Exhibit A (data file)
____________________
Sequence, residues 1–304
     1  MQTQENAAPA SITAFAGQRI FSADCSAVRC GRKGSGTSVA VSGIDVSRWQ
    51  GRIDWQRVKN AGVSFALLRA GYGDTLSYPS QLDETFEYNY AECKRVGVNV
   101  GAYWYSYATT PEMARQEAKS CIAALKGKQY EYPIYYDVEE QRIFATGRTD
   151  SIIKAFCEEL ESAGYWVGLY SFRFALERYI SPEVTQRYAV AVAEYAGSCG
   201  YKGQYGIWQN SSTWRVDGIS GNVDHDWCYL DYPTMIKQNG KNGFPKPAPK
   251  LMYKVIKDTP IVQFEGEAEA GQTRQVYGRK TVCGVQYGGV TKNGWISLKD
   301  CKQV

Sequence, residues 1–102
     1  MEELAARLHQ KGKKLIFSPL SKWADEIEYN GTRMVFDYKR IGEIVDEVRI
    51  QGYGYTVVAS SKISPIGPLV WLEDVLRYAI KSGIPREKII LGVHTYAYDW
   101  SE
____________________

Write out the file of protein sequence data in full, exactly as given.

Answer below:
Sequence, residues 1–304
     1  MQTQENAAPA SITAFAGQRI FSADCSAVRC GRKGSGTSVA VSGIDVSRWQ
    51  GRIDWQRVKN AGVSFALLRA GYGDTLSYPS QLDETFEYNY AECKRVGVNV
   101  GAYWYSYATT PEMARQEAKS CIAALKGKQY EYPIYYDVEE QRIFATGRTD
   151  SIIKAFCEEL ESAGYWVGLY SFRFALERYI SPEVTQRYAV AVAEYAGSCG
   201  YKGQYGIWQN SSTWRVDGIS GNVDHDWCYL DYPTMIKQNG KNGFPKPAPK
   251  LMYKVIKDTP IVQFEGEAEA GQTRQVYGRK TVCGVQYGGV TKNGWISLKD
   301  CKQV

Sequence, residues 1–102
     1  MEELAARLHQ KGKKLIFSPL SKWADEIEYN GTRMVFDYKR IGEIVDEVRI
    51  QGYGYTVVAS SKISPIGPLV WLEDVLRYAI KSGIPREKII LGVHTYAYDW
   101  SE